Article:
Bridge Burners: Signs to Look Out For

Recently, I met two bridge burners. Both had the same complaints against other people, and neither assumed personal responsibility for their dilemma. In case you don’t know, a bridge burner is a person who ends a work, romantic, or friendly relationship in such a way as to forever prevent a return to anything similar. It’s a sad thing to be a bridge burner.

What I’ve discovered is that most bridge burners don’t realize they have a problem. It seems it’s always the other person’s fault. Bridge burners are blinded by their own folly. And to admit they are part of the problem is unthinkable. Self-deception clouds their thinking. My experience with bridge burners comes from inside the church world. I’ve listened time and again as bridge burners stood in church on Sunday and expressed how much they loved their church family, only to learn on Wednesday they made their exit. They left because their expectations went unmet and felt that no one cared about them! Wow! Talk about incongruity and double-mindedness.

What are the major characteristics of most bridge builders? Based on my association with these unpredictable people, let me share several similarities.

Bridge builders usually grow up in some type of dysfunctionalism. Their family of origin brings either mother or father wounds – or both –  into their childhood. As a result, insecurity and rejection cloud their adult years. They possess an unhealthy self-love. Sadly, they struggle with family dynamics that characterize both home and church life. 

Bridge builders usually overlook healthy boundaries. They misunderstand that relationships require a give and take mindset. Most of them assume a controlling attitude.

Bridge builders usually adopt “it’s my way or the highway” mentality. They tend to be very opinionated, and find it intolerable to accept others when they openly disagree with them. They often and secretly declare war on these perceived threats.

Bridge builders, because they are typically insecure in their own skin, implode when they feel rejection – real or perceived. They usually subscribe to a “flight over fight” response, withdrawing from social settings they once held dear. Many times they withdraw into a silent world of victimization.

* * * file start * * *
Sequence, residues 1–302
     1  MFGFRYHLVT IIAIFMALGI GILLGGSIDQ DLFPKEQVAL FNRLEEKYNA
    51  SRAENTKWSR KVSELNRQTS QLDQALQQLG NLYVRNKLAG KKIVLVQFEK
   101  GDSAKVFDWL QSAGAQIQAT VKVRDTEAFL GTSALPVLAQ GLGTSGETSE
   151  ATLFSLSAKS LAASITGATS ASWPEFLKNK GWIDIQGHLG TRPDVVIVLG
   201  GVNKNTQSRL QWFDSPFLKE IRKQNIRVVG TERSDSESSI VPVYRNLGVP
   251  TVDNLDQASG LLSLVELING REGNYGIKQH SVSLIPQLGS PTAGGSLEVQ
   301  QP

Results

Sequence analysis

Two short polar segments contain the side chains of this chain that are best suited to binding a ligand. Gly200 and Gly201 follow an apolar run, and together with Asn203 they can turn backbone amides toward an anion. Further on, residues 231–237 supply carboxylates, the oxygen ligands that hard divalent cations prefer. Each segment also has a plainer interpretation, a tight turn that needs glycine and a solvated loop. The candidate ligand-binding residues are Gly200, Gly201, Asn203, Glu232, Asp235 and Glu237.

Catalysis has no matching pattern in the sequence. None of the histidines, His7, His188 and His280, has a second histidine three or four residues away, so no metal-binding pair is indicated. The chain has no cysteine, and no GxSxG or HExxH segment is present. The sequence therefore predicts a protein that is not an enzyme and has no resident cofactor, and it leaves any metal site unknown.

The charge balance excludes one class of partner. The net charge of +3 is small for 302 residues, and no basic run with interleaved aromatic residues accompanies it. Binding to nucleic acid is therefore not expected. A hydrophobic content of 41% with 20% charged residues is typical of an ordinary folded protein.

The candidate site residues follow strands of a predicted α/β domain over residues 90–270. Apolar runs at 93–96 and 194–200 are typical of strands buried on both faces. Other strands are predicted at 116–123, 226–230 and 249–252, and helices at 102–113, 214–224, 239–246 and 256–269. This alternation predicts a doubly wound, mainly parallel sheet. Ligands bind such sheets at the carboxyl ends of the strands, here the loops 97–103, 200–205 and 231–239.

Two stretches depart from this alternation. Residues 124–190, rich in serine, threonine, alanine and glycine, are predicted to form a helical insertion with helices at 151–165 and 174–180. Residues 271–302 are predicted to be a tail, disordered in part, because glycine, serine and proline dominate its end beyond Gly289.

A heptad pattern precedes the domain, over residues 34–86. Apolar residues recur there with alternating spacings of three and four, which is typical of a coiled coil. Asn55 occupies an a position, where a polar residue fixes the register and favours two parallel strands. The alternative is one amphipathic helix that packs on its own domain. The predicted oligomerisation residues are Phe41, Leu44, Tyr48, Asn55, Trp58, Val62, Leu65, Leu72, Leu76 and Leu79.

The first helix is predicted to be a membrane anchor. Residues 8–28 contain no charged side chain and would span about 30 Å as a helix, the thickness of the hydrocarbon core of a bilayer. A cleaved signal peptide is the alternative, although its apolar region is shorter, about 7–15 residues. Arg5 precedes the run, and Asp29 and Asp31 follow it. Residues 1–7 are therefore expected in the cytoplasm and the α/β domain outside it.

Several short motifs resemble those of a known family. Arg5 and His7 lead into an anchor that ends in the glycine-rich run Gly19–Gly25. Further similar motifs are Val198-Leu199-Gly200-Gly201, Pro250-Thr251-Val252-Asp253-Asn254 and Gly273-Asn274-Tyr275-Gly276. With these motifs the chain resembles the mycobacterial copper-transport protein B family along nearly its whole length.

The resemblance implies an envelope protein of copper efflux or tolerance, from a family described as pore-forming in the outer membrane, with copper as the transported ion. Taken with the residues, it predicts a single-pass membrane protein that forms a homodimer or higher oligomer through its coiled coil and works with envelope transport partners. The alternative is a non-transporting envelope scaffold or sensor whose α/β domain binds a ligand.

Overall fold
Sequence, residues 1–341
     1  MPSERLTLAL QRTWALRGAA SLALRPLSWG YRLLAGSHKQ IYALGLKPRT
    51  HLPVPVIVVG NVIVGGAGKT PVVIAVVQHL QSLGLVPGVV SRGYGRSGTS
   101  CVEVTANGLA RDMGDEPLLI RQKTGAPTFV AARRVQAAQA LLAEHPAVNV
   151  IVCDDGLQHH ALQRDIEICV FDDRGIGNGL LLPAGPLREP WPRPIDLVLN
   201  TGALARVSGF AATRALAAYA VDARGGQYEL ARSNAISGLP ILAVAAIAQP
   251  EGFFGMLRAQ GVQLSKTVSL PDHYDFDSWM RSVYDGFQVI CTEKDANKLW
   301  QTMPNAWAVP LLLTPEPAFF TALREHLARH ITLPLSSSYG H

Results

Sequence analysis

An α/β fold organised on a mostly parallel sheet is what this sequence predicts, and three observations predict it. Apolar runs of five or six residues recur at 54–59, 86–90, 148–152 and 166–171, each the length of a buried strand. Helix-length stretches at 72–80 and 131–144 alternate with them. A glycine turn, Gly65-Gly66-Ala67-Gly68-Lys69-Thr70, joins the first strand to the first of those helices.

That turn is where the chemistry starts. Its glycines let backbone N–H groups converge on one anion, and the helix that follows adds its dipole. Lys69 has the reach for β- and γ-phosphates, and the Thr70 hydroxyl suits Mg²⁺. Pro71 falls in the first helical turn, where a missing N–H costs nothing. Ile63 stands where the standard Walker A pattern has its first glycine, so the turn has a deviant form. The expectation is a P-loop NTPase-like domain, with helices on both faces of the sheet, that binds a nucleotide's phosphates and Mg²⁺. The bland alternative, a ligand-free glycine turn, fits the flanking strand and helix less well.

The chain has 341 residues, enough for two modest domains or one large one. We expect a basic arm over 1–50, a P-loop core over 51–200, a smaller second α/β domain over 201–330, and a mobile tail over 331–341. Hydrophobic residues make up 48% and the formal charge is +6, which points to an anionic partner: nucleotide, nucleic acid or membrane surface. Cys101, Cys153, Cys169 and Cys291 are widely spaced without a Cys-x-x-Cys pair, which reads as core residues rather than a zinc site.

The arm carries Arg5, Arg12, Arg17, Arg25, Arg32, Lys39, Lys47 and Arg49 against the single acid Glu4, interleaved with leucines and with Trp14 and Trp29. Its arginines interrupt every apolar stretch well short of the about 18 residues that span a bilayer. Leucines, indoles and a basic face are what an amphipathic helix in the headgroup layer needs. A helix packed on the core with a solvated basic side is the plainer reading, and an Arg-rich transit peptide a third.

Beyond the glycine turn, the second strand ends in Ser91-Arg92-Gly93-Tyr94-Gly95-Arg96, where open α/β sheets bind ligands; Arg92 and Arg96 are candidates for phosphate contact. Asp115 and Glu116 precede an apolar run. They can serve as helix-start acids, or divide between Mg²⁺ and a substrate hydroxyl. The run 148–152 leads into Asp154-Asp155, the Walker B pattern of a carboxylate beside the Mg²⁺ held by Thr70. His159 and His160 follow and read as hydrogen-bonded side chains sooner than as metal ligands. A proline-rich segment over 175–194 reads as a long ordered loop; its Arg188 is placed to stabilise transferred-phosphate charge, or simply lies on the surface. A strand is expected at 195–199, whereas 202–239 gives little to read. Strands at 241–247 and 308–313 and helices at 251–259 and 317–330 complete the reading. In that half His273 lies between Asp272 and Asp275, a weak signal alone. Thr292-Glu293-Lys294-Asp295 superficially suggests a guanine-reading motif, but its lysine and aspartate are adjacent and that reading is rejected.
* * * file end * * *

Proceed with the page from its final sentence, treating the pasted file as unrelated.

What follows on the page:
Bridge builders say they desire friends, but don’t realize they become dominant in conversations and insist on “getting their way.” The opinions and idiosyncrasies of others irritate them, unless, of course, they agree. Most bridge burners hate to be corrected, often spurring leadership that offers redirection. 

Bridge burners make long-term relationships almost impossible because they insist their friends move and respond at their beck and call. This, of course, constitutes twisted thinking. Bridge builders become easily upset and offended when their friends do not respond to social invitations in a timely manner. They fail to take into consideration that others have lives, too; and that true friendships are not based on a controlling, unyielding attitude. For a friend to not initiate get-together times is a travesty of epic proportion for a bridge burner. 

One of my best friends was Dr. Harry Yates, who founded and pastored the Nashville Cowboy Church for over 30 years. We would go months, even years without talking to or seeing one another; and yet, when we did, it was like neither time nor distance separated us. I officiated his funeral in 2021 and to this day smile through grief when I think about the times we spent together.

Bridge burners struggle to watch their friends engage with other people. A sense of betrayal causes them to become unkind and unreasonable. I’ve even seen bridge burners inadvertently try to create division and hard feelings between marriage partners, when they felt they were being slighted!

Bridge burners become easily offended and depressed. When others do not respond like they desire, bridge burners often play the blame-shame game, making their friends feel guilty for not “being there” for them. “It’s been a long time since you called me,” they say.   

Bridge burners, over time, can become sarcastic, unkind and even hostile toward their perceived betrayers. Formerly loved and cherished friends become “public enemy number one.” Gossip becomes their trademark. How sad and truthfully, how immature. 

Finally, bridge burners light the fires of provocation, when they succumb to the unfortunate lie that everyone else is to blame, and they share no part in the ended relationship. 

God gives us other people – friends – to help us through life. Viable, healthy relationships make life meaningful and bring fulfillment along our journey. Not everyone we meet is designed to become an intricate part of our life. Most remain in the “acquaintance” department. However, God sends certain special ones, not to possess or control, but to become trusted friends whom we unconditionally love and accept, apart from their flaws. Remember, it is virtually impossible to become and remain friends with someone we have to control. 

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